At Man Group, we believe in the Python ecosystem and have been trading Machine Learning based systems since early 2014. To give back and strengthen London’s Python and Machine Learning Communities, we sponsor and support the PyData and Machine Learning London Meetups.
In January, we had the pleasure of welcoming Ricardo Silva, Associate Professor in Statistical Science at University College London, and David Silver, Principal research scientist at DeepMind and Professor at University College London to the London Machine Learning Meetup.
Building Different Roads to Causal Structure - Ricardo Silva
I will be presenting an overview of the role of causal assumptions for the prediction of the effects of an action, particularly when only observational data or limited interventions are available. This is a fundamental problem for any data driven investigation, from understanding the link between smoking and lung cancer to assessing the effectiveness of a marketing campaign. I will provide background and motivation to the problem, followed by a suite of different machine learning algorithms to disentangle causation from association under a variety of assumptions. This includes a view of the role of both combinatorial and differentiable optimization algorithms, and a continuum of trade-offs between the strength of our assumptions and the precision of our answers. Ultimately, this provides many roads to reduce our ignorance about one of the trickiest and most relevant questions in the empirical sciences: how does one thing cause another when many confounding factors that I do not fully control are still lurking in the background?
Ricardo Silva obtained his PhD in 2005 from Carnegie Mellon University, at the recently founded Machine Learning Department. After a period as a postdoctoral researcher in the Gatsby Computational Neuroscience Unit, UCL, and the Statistical Laboratory, Cambridge, Ricardo joined the Statistical Science department at UCL, where currently he is an Associate Professor. Since 2016, Ricardo has also been appointed as a Faculty Fellow of the Alan Turing Institute. His research focuses on computational approaches and causal modelling for problems in a variety of areas, more recently on large-scale spatiotemporal analytics and fairness.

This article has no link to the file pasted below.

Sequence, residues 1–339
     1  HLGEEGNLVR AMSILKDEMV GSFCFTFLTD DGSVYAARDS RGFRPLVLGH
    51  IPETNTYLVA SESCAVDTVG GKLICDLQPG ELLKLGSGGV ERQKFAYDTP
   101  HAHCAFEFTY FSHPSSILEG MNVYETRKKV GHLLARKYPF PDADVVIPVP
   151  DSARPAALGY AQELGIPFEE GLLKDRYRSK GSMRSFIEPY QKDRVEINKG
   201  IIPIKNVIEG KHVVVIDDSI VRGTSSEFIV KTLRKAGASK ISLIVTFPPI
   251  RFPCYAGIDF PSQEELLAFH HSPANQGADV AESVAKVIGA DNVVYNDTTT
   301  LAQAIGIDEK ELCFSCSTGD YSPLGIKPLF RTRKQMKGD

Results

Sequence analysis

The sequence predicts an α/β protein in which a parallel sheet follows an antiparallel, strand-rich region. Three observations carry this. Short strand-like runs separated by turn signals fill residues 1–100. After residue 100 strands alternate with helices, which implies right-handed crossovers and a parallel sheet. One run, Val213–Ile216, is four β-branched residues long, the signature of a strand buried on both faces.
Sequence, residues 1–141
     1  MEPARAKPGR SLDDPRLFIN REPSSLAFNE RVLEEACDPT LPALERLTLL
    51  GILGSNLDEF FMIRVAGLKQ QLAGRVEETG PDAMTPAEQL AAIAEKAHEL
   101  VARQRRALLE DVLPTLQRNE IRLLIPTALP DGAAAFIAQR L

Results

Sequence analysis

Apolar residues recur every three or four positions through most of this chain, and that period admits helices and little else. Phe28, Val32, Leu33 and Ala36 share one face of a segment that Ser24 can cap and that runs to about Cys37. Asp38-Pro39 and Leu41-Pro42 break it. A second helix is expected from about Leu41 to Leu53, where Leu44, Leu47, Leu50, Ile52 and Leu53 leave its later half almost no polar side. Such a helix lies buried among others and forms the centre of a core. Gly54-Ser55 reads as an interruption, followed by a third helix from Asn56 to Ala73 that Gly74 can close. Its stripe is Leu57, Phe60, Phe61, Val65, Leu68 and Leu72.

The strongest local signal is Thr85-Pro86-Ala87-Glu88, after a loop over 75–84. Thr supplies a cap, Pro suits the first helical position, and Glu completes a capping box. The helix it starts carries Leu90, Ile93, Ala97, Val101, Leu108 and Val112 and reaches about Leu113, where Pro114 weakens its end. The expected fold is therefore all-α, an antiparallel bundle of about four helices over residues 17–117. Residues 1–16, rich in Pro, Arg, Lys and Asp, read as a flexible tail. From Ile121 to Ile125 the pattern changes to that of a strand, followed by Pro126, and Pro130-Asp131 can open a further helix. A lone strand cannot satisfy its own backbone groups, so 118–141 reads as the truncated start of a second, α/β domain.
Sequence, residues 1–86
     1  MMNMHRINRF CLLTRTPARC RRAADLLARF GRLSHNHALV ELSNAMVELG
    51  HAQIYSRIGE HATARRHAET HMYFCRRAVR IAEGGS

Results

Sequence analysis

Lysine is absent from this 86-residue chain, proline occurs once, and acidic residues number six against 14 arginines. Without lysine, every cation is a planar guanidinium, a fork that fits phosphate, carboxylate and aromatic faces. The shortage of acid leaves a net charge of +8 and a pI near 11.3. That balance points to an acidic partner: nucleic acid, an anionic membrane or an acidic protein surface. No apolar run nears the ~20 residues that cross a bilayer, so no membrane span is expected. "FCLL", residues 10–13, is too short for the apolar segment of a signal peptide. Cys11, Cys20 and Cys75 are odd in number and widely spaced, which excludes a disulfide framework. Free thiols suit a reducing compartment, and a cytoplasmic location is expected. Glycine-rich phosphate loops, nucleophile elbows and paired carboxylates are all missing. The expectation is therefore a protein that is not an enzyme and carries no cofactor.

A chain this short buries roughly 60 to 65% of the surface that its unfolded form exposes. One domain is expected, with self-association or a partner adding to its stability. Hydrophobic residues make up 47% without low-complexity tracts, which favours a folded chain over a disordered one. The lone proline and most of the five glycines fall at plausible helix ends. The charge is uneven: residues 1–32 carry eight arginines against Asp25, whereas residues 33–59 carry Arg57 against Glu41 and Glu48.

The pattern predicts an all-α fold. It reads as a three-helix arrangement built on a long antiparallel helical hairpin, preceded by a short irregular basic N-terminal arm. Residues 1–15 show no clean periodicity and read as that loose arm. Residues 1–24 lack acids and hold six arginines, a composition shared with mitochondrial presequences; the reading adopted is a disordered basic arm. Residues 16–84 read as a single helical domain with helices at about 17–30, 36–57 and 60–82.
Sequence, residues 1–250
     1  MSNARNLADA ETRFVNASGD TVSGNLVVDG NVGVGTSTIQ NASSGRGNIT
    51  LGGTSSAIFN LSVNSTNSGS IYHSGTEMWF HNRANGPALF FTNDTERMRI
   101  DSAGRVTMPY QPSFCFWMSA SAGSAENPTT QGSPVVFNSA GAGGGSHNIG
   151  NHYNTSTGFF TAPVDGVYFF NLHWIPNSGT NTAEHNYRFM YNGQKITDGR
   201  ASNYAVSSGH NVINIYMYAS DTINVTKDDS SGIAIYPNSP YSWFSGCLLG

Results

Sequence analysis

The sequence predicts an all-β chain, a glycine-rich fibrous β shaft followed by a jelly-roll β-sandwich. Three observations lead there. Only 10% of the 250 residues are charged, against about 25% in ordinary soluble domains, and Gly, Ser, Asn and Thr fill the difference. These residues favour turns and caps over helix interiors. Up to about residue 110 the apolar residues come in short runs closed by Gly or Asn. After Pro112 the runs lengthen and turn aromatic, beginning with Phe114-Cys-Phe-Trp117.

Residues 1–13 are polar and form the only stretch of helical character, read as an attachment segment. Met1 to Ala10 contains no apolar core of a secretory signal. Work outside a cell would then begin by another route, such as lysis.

Deep Reinforcement Learning from AlphaGo to AlphaStar - David Silver
Recently, self-learning systems have achieved remarkable success in several challenging problems for artificial intelligence, by combining reinforcement learning with deep neural networks. In this talk, I describe the ideas and algorithms that led to AlphaGo: the first program to defeat a human champion in the game of Go; AlphaZero: which learned, from scratch, to also defeat the world computer champions in chess and shogi; and AlphaStar: the first program to defeat a human champion in the real-time strategy game of StarCraft.
David Silver is a principal research scientist at DeepMind and a professor at University College London. David’s work focuses on artificially intelligent agents based on reinforcement learning. David co-led the project that combined deep learning and reinforcement learning to play Atari games directly from pixels (Nature 2015). He also led the AlphaGo project, culminating in the first program to defeat a top professional player in the full-size game of Go (Nature 2016), and the AlphaZero project, which learned by itself to defeat the world’s strongest chess, shogi and Go programs (Nature 2017, Science 2018). Most recently, he co-led the AlphaStar project, which led to the world’s first grandmaster level StarCraft player (Nature 2019). His work has been recognised by the Marvin Minsky award, Mensa Foundation Prize, and Royal Academy of Engineering Silver Medal.